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Why Sony's Not 'Welcoming You Back' With Wallet Funds

... and why the games and services they are offering are tailored to their benefit.

The answer is pretty simple, actually. See if you can spot the trend in the listing of titles below:

PlayStation 3

Dead Nation - Published By Sony
inFAMOUS - Published By Sony
LittleBigPlanet - Published By Sony
Super Stardust HD - Published By Sony
Wipeout HD + Fury - Published By Sony


LittleBigPlanet (PSP) - Published By Sony
ModNation Racers - Published By Sony
Pursuit Force - Published By Sony
Killzone Liberation - Published By Sony

That's right; all of the included titles were published by Sony, meaning that they won't owe money to anyone based on what titles are chosen. Wallet funds wouldn't serve the same purpose for obvious reasons. Had Sony offered straight up cash, players could spend it wherever they'd like and Sony would still be responsible for reimbursing the individual publishers and developers at the standard rate. Of course, Sony's motives in offering these particular titles run even deeper.

Realize it or not, Infamous 2 is due out in just a few short weeks, making Infamous a perfectly timed offer to quell the rage of angered PSN users, while simultaneously setting up a slew of potential purchases for the upcoming game.

LittleBigPlanet is in a similar situation. The sequel came out fairly recently and is still a very current title. Players who get hooked on the original or PSP version of the game just may want to see what the fuss is all about in the sequel.

There's always a new Wipeout game in development (right now there are two - Wipeout 2048 for the NGP and Wipeout Trinity for the PS3), so the inclusion of HD + Fury again functions as a means of creating future fans of the series. ModNation Racers and Killzone Liberation are likely similar scenarios as well.

The various services, including the month free of PlayStation Plus, will probably entice quite a few members to join up on the service, transitioning them from a free user to a paid one, thus benefiting Sony further.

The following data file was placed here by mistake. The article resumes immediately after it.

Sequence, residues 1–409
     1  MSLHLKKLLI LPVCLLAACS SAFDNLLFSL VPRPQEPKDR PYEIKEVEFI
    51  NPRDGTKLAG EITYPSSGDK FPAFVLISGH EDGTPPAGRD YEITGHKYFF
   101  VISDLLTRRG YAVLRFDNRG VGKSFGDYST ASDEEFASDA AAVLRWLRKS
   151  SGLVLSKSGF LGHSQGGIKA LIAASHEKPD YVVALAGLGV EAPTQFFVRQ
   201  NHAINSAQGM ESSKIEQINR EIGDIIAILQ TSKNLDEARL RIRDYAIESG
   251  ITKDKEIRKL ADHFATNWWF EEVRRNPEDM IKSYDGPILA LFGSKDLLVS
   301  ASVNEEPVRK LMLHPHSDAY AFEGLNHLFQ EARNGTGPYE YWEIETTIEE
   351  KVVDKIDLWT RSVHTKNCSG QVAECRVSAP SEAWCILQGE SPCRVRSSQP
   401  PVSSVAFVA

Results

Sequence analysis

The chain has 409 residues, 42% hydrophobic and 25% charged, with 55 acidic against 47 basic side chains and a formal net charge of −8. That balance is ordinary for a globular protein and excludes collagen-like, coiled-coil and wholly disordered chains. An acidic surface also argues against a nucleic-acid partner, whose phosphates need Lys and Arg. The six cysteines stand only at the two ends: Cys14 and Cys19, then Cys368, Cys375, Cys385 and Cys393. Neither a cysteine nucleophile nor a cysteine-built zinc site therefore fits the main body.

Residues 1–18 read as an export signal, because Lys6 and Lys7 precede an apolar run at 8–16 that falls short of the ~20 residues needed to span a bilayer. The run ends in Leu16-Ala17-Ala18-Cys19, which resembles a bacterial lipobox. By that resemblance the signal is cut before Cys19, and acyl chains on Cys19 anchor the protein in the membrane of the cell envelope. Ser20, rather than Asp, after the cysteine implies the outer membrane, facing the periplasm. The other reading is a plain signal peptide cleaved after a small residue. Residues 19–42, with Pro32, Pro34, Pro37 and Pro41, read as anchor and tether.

Understandably, Sony is trying to make lemonade out of lemons, but their 'Welcome Back' program feels underhanded and disingenuous. While it might've hurt them fiscally to provide a greater selection of titles or even wallet funds, they should've done something along those lines. By offering older iterations of many of these series, it's clear what the underlying intent is.

In many ways, this initiative feels similar to receiving a voucher for a future free dinner from a select menu at a given restaurant after your dinner went awry. While the gesture seems nice, the ulterior motive is obvious. Why would I want to return after such a poor experience? Sony customers should keep the same question in mind.



Kyle Charizanis Staff Alumnus

05/19/2011 at 06:35 PM

Man, when you look at it this way, it's kind of a slap in the face.

Also I'm stealing that thing you did with the tags.

Jason Ross Senior Editor

05/19/2011 at 08:13 PM

It's worth noting that there's a bigger, better Little Big Planet, Killzone, and Modnation racers on the PS3. I can see the same sort of mentality used with the handheld as we see with the home console.

Joaquim Mira Media Manager

05/20/2011 at 02:11 AM

I actually don't really care about the free stuff, and it's not like I won't get a few of those titles for each system, but I just hope that something like this doesn't happen again. A lot of innocent bystanders can be affected by such an act, and that I'm not OK with. Just as I'm not OK with Sony being so irresponsible with regards to the protection of such data.

Now that Nintendo is getting further into the online section of gaming, I hope that they can take a lesson from all this.

Nick DiMola Director

06/02/2011 at 02:13 PM

Hey look, they are also releasing a new Super Stardust (Delta) on the NGP - go figure!

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